Priest Lake, Idaho | Possibly Heaven on Earth
Tove and I love to travel. We’ve been all over the world, visiting more than 20 different countries combined. Our experiences range from going on safari in Tanzania to surfing the waves of Costa Rica. With that said, there’s nowhere else on the planet we would rather be vacationing right now than Priest Lake, Idaho. In our minds — it’s heaven on Earth.
Located nearly six hours from Seattle on the Idaho Panhandle, Priest Lake is the gem of Idaho — a state known for its incredible lakes (there are literally hundreds on the map). And believe it or not, Priest Lake is still a hidden gem to many folks. The first question we get when we tell people we visited Priest Lake is, “Where is that?”
Priest Lake, which is nestled at the foot of the Selkirk Mountains, is 19 miles long and goes as deep at 300 feet. The water is crystal clear thanks to the streams that flow down from the mountain peaks. That makes the lake ideal for fishing (bass and trout are common in the lake), but it’s also prime for water sports like wakeboarding, water skiing and tubing. The water temperature is typically perfect in the summer time: cold enough to cool you down, but warm enough that you’re not afraid to get in.
It’s quiet on Priest Lake. There are resorts like Elkins and Hill’s, plenty of camping, and there are also cabins, but the cool part about Priest Lake is that it’s not overdeveloped. Most of the land around the lake is state-owned, so you’re surrounded by trees — not houses and buildings. That also means boat traffic — for a lake this size — is pretty minimal.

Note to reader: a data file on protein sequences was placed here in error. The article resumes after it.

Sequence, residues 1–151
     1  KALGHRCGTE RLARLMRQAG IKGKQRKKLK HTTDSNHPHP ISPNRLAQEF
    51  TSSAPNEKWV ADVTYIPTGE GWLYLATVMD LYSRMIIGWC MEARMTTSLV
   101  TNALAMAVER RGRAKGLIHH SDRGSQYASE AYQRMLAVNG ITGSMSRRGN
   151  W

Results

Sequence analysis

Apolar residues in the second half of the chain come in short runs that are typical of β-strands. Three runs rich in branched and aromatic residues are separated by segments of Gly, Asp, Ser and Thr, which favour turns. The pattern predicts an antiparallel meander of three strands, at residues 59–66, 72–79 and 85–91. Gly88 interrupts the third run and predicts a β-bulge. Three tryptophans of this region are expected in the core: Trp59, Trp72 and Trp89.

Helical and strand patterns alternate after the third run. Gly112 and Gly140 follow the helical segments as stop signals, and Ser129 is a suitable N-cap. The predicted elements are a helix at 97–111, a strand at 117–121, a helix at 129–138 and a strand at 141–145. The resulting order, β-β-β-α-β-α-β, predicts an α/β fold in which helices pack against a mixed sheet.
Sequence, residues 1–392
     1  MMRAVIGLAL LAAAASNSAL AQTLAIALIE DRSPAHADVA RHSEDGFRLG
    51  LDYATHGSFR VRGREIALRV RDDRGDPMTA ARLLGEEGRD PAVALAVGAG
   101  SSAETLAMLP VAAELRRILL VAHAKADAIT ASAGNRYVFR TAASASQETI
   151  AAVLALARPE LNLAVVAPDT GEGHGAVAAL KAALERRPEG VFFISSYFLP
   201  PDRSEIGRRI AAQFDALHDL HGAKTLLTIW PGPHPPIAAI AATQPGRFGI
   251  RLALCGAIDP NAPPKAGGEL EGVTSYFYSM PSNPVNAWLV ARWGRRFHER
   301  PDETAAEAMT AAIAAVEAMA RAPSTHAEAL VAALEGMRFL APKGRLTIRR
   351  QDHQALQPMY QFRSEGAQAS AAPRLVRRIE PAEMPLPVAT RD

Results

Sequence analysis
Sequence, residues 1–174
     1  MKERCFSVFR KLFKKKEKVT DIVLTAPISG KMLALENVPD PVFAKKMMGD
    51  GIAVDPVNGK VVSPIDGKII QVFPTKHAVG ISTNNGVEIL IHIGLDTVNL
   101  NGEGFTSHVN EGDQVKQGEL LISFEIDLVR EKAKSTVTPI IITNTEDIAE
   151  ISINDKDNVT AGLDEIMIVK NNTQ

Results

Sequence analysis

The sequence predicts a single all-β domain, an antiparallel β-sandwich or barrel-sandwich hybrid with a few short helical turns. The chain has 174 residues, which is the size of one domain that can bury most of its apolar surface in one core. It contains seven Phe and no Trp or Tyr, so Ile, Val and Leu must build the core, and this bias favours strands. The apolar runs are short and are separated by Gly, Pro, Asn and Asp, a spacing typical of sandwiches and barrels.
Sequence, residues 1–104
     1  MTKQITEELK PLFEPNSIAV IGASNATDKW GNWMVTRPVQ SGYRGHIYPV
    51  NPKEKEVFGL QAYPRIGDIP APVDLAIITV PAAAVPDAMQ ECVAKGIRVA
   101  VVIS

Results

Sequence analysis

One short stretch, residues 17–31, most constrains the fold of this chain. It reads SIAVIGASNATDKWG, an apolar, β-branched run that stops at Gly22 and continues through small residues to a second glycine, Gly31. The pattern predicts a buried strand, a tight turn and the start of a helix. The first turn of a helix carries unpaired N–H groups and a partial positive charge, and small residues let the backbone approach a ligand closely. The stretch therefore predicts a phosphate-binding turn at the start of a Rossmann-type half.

The weather is usually perfect at Priest Lake in the summer months. There are average temperatures of 74 degrees in June, 82 degrees in July and August, and 71 degrees in September. The lake can be prone to wind at times, especially early in the day. My friend Eric, who I’ve gone to the lake with for the last four or five years, says Priest Lake isn’t always the best for boating (because the wind makes the water choppy). From our experience though, the breeze usually calms by the late afternoon (right around dinner time) — if it gets windy at all.
Just when you thought this place couldn’t get any better, nights are amazing on Priest Lake as well. You can see a million stars (or at least that’s what it feels like) when it’s clear. It really is something you have to see to believe. Shooting stars sling across the sky like you can’t find anywhere else. I’ve even seen the Northern Lights at Priest Lake, which was easily one of the most incredible moments of my life.
You can choose what type of experience you have at Priest Lake. You can get in the mix at the resort bars (there’s usually live music in the summer), chill out with your family and/or friends at a cabin or campground, or make it an outdoor adventure full of hiking and fishing. We personally like nothing more than sitting on a boat, listening to country music (not typical for us — it’s just a product of the environment), drinking Coors Light and diving into the water. It’s the perfect way to spend a summer day.
Just fair warning — it only takes one trip to become addicted to Priest Lake. Trust us…we know from experience. Our summer isn’t complete without a visit to the lake now.
Have you ever been to Priest Lake? What do you think of it? We would love to connect with you. Leave a message right here or find us on Twitter, Facebook and/or Google+. We’re always down to hear a good story or two from Priest Lake. Don’t forget to also check out Seattle Bloggers for more great Seattle getaways.